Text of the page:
FIG. 2 illustrates a schematic block diagram of a cellular telephone device of the present invention;
  • [0019]
    FIG. 3 illustrates a flow diagram of an approach using an Internet protocol based record indication; and
  • [0020]
    FIG. 4 illustrates a flow diagram of an alternative approach using a short message based record indication.
  • DETAILED DESCRIPTION OF THE PREFERRED EMBODIMENTS
  • [0021]
    FIG. 1 illustrates a schematic block diagram of communications equipment 100. The communications equipment 100 provides for transport of a conversation between a first phone A 110 and a second phone B 120. The conversation is recordable in the communications equipment 100. A user of the first phone A 110 controls whether or not to record a telephone conversation. The phone preferably contains a button for initializing recording by sending a record enable signal from the first phone A 110 to tower 130 of the communications equipment 100. The communications equipment 100 contains a recorder connected to a cellular base station to receive the conversation over a traffic channel.
  • [0022]
    The first phone A 110 communicates with communications equipment 100 via traffic and signaling channels. Traffic channels generally transport voice; however, conversations may include any combination of voice and video. Traffic channels may be considered in-band. Any communication between the first phone A 110 and communications equipment 100 pertaining to control of the traffic channel is transported via the signaling channel. The signaling channel may be considered out-of-band. The signaling channel can contain a control channel for transporting the record control signal. Out-of-band channels may transport messages via an Internet protocol, Short Messaging Service (SMS), or proprietary control messaging schemes. The implementation of message transport is preferably via Internet protocol; however specific cellular networks may preferably implement SMS or other messaging protocols.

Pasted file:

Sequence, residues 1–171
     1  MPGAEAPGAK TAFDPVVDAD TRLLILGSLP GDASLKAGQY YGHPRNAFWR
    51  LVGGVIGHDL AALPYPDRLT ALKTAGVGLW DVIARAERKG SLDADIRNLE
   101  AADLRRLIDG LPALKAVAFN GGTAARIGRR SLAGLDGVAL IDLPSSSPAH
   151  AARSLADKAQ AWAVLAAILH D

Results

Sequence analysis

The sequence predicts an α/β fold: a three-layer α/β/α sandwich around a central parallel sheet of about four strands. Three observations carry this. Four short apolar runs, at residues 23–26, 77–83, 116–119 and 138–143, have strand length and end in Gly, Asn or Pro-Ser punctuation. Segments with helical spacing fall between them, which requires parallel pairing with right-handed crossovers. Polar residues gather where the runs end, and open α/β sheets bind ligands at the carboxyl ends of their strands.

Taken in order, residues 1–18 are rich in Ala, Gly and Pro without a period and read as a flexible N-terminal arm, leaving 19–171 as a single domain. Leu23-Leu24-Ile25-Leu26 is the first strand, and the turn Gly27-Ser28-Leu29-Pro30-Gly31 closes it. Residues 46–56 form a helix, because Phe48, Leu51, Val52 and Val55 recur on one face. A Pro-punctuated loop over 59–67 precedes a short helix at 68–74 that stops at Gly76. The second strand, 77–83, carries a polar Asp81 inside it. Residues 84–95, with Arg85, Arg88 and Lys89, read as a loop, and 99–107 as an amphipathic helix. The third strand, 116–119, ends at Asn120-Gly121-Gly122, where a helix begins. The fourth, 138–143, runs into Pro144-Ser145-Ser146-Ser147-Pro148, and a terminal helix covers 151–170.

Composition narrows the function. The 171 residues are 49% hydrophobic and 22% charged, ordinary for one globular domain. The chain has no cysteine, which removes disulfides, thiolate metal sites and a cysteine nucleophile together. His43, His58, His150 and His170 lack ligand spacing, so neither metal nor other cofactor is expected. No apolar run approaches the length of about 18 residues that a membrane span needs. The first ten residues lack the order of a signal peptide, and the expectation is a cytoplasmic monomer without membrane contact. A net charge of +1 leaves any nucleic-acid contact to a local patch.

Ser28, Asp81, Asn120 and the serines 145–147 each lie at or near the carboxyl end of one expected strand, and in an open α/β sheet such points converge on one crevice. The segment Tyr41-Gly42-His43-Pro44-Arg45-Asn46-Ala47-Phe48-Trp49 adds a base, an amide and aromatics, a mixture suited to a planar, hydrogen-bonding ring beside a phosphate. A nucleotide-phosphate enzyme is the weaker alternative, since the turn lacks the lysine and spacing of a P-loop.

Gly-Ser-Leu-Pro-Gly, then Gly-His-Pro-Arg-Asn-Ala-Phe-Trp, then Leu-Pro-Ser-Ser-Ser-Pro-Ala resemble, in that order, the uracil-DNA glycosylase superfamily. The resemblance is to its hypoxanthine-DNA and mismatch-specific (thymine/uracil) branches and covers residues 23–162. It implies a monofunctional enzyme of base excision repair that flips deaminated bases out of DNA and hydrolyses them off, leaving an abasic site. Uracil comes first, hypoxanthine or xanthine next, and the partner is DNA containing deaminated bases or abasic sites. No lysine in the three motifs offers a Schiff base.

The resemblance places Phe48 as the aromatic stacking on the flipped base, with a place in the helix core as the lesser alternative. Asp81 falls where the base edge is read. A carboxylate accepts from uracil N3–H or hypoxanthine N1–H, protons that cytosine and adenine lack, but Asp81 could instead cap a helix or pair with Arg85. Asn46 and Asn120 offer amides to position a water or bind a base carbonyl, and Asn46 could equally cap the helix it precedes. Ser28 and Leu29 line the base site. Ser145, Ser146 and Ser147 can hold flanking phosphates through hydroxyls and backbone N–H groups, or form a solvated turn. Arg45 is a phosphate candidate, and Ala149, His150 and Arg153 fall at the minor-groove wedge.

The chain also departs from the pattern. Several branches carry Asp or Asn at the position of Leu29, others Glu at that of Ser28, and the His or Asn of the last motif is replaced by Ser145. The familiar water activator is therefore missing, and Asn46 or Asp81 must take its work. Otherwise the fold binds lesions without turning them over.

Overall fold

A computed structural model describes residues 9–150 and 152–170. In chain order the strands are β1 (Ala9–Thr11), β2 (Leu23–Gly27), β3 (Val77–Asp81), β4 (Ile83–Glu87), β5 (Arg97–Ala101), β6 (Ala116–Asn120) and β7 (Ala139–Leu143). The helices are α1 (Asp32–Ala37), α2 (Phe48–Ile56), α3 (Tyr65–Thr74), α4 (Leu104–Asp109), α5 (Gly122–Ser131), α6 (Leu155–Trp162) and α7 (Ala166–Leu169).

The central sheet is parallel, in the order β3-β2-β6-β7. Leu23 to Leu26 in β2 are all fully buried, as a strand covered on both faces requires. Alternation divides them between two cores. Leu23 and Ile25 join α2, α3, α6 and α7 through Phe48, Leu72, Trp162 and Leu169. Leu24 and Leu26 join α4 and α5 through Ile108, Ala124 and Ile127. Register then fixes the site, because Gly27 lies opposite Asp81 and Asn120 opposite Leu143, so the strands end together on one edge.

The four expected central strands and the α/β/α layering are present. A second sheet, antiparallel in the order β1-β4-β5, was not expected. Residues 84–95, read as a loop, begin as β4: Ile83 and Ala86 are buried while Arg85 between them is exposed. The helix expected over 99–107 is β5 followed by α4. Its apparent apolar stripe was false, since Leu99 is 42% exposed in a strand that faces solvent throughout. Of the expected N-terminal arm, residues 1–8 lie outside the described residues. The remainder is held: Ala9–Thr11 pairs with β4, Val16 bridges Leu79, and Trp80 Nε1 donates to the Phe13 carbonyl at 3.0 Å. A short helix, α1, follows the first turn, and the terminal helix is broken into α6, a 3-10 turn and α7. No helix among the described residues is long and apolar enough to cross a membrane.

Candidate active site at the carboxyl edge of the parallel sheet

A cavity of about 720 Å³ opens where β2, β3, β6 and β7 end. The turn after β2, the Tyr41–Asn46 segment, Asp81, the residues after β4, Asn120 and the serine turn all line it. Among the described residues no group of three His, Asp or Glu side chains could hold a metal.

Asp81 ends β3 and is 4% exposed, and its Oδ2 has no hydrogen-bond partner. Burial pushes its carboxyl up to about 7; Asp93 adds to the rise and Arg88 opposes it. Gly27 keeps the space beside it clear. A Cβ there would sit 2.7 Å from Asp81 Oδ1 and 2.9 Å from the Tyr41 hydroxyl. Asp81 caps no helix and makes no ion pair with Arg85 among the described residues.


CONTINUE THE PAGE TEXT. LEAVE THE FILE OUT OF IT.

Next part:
• [0023]
    The record enable signal is transported from the first phone A110 to communications equipment 100 on an out-of-band channel. By transporting the record enable signal on an out-of-band signaling channel different from the in-band traffic channel, conversation traffic resources are not consumed for the record enable signal. Not only does transporting the record enable signal on this different channel improve performance, but some systems in-band voice channels may not be designed to carry such signaling traffic.
  • [0024]
    The tower 130 receives both the in-band communications and the out-of-band communications from the first phone A 110. A base station controller (BSC) 140 connects to the tower 130 and monitors both in-band traffic and out-of-band signaling channels. The out-of-band signaling channels may include any combination of signaling and control messages, SMS, and other data messages. The existence of signaling channels in packet-enabled cellular telephony, and the evolution of data services allowing for advanced packet-data services in cellular telephony (also known as 3rd Generation or 3G Wireless) facilitate the implementation of out-of-band record-indication signaling.
  • [0025]
    The base station controller (BSC) 140 connects this traffic between the tower 130 and a radio access network (RAN) 150 and a mobile switching center (MSC) 160. In one exemplary implementation, using SMS for out-of-band transport of the record-enable signal, the phone A110 relays an SMS message to the mobile switching center (MSC) 160. The MSC is capable of receiving and understanding the SMS message. The MSC may, therefore, act on the SMS message it receives from the user of first phone A110. In the event that the user is “foreign”, or not registered to the current MSC, the MSC may further make use of the Visitor Location Register (VLR) to determine the “home” network for the user, and transport the SMS via the Signaling System 7 (SS7) network to the target home network.
  • [0026]
    The mobile switching center 160 carries the voice communication over public switched telephone network (PSTN) 165 to the second phone B 120. The second phone B 120 in the example of FIG. 1 is a landline based telephone. However, the second phone B 120 certainly can alternatively be a wireless cellular telephone.
  • [0027]